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Sound approach to investing for income?

Monday, May 7, 2018

Reader says...

I am a Singaporean student who is interested in building up a dividend portfolio.

I like to seek your advise whether it is viable to reinvest dividends into shares of the same counter, as the commission seems too expensive to do so.

Is there any way which companies can give out share in place of dividends?

Will this be a sound approach to building a dividend portfolio?

AK says...

If we are investing for income, we want our investments to be able to pay dividends in cash. 

Sometimes, companies might ask if shareholders would like to receive their dividends in cash or scrip (which means new shares)?

If there is an opportunity for arbitrage, then, for the income investor, taking the dividends in scrip might make sense.

And I mentioned it before:

"Many S-REITs have DRPs (or DRIPs), Distribution Re-investment Plan. Some readers asked me if I would take part in these plans.

"My answer is that I invest in S-REITs for income. So, I would usually take the cash distributions unless there is a chance to benefit from arbitrage which happened once before for AIMS AMP Capital Industrial REIT and some might remember that I blogged about it."

For those who are interested in this:

Always question how is the company generating cash and ask if the dividend being paid is sustainable.

Otherwise, we could be investing for growth or it might be a value trap or it could even be a scam (or maybe I am just talking nonsense here).

As you are new to my blog, you want to read this blog:

If we would like to invest the dividends we receive from our investments, there is no hurry to do so unless Mr. Market is in a big depression.

If we don't need the money, save the money.

Build up our war chest.

And pounce when opportunity knocks.

I know that patience is sometimes the hardest thing. 

I know because I am human too.

Related post:
Sit with all that cash and do nothing?


Spur said...

I've got a different take on this.

For someone who is in 20s and looking to build up a dividend portfolio over the next 20-30 years, it's probably OK to do regular "top ups" i.e. DCA over the months & years. Including re-investing the dividends.

However you probably shouldn't re-invest just the dividends if the amount is so small as to incur a transaction/commission cost of over 0.2%. Add it to your next DCA amount.

This also applies for your regular DCA ... if your monthly savings is too small such that your commission cost is over 0.2%, then accumulate your savings & do it quarterly or even half-yearly. In the long run over 20+ years, it doesn't make much difference if you DCA monthly or 6-monthly.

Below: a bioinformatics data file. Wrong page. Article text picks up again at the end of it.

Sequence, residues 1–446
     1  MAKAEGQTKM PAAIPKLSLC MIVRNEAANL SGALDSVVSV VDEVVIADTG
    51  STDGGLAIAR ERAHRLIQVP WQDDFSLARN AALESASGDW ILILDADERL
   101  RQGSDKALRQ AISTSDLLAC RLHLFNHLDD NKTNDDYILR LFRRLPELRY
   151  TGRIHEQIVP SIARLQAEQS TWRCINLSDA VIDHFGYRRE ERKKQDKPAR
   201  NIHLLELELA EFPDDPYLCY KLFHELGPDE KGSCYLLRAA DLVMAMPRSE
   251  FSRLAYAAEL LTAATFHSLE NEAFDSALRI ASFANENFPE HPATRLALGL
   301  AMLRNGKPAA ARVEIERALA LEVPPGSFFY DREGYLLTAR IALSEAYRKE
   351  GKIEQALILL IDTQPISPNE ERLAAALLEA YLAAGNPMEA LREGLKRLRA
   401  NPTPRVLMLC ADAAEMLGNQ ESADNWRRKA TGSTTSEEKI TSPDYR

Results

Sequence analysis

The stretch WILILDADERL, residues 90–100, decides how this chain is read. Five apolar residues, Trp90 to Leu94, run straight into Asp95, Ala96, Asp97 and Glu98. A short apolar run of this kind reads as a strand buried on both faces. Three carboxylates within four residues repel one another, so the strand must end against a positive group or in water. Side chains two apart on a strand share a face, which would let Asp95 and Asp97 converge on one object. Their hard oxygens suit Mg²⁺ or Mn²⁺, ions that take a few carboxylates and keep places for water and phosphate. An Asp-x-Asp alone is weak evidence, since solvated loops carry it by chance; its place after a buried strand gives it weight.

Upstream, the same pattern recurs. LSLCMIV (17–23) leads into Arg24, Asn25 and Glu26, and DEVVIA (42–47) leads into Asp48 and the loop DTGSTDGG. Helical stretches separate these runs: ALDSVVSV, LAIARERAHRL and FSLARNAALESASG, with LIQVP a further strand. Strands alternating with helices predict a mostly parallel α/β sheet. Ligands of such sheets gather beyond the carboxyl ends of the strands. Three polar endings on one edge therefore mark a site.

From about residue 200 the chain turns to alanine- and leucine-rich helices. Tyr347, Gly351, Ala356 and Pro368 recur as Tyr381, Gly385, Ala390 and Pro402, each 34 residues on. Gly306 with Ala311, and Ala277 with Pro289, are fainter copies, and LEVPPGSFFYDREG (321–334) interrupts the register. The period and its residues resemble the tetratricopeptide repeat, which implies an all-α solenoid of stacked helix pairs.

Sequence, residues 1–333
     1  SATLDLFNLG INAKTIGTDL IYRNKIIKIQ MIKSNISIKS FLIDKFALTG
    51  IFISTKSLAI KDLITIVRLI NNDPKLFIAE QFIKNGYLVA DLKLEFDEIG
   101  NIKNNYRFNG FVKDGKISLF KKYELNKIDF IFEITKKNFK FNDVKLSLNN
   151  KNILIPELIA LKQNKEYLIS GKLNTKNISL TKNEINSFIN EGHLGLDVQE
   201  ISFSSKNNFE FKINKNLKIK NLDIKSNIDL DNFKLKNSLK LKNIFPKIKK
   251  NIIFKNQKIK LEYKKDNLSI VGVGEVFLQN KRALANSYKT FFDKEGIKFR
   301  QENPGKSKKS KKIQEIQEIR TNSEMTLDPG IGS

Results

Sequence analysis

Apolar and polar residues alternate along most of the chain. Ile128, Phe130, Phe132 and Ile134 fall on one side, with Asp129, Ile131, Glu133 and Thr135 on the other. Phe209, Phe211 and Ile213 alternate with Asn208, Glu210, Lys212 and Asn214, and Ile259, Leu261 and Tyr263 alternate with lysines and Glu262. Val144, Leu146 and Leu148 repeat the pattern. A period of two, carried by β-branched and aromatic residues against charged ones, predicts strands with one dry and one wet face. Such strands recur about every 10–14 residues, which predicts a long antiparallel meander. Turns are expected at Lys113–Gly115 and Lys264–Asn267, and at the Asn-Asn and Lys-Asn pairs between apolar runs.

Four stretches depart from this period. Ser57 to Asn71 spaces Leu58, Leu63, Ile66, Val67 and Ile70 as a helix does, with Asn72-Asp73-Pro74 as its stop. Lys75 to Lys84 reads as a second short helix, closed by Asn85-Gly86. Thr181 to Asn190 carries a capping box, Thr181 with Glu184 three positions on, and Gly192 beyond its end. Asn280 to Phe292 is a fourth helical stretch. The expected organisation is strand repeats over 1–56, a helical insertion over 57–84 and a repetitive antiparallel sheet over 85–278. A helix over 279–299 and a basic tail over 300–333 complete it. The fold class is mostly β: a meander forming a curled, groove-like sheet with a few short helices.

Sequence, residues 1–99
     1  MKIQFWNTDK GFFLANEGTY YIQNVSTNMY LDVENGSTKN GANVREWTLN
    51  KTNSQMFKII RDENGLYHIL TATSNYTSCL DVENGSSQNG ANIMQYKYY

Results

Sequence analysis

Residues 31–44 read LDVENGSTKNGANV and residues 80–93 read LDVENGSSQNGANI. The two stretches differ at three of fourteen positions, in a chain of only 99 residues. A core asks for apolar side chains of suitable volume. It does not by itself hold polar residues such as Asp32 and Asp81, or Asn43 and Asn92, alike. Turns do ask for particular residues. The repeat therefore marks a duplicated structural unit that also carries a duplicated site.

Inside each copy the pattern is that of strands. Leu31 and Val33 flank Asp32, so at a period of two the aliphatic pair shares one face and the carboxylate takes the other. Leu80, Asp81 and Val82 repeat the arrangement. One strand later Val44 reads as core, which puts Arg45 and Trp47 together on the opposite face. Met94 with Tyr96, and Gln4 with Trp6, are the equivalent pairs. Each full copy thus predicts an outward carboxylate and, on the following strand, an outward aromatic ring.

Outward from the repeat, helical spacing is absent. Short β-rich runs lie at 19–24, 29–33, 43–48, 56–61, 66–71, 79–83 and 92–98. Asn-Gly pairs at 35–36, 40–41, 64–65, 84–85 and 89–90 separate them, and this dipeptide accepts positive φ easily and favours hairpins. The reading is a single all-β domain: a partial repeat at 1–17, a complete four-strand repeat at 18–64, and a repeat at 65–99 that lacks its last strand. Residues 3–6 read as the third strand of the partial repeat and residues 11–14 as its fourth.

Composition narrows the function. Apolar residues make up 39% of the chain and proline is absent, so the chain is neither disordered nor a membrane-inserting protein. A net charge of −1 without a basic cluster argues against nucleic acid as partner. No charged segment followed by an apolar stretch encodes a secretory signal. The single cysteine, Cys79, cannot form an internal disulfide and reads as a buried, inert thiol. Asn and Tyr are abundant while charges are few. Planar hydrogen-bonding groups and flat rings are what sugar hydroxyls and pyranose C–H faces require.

The biggest CAVEAT here is that you need to do your homework to ensure the underlying REITs / stocks are fundamentally strong & sustainable. Otherwise going for SREIT & STI ETFs is also OK if you prefer to spend your time & energy on career and family.

Why I don't quite advocate large warchest method for young investors?

Because of behavioral finance / psychology ... when the time comes, very few people can pull the trigger on a large warchest when they see their small investment portfolio decimated by -30% or -50% losses.

They will keep waiting for the all-clear, break of the falling trend line, break above major resistance, break above some moving averages, golden cross etc. From 2009 to 2012, most markets recovered 50% to 70%, but there were numerous corrections, volatility, bear analysts, mini crashes & mini shocks to keep a lot of investors waiting on sidelines, both seasoned as well as young millennials.

Humans being humans, I'd rather err on the side of getting it mostly right, than to wait for the perfectly mathematically logical solution that very few people can carry out.

It's a different psychology / ballgame for those who have already large fleshed out portfolios. ;)

AK71 said...

Hi spur,

Always enjoy your comments and it has been a while since you last commented.

Yes, I know people who were kept waiting for the STI to go lower during the GFC and they missed the boat.

This is why it is important not to focus on price but to know the underlying value as well.

Then, we will know if a stock is priced attractively and that is when we can deploy our war chest.

AK71 said...

Reader says...
Worse thing to do in investment is wait.

AK says...
Yes, patience is sometimes the hardest thing.

Mark Lim Teng Lye said...

I like the first comment by Spur - having a big war-chest and keep waiting, ending up "missing the boat". Actually, it is not about waiting or being patience; it is to know when "the boat have arrives and time to go on board". Otherwise, we may be still standing by the shore with our big war-chest and see the boat sails off, still thinking that we have patience, and wait for the boat to come back. Yes, some do come back, but not at the price we see value, especially for stocks that everybody is watching. (Happen to me now).

AK71 said...

Hi Mark,

Yes, it makes good sense.

We can rarely buy at the lowest prices but we can always buy at fairly good prices. ;)

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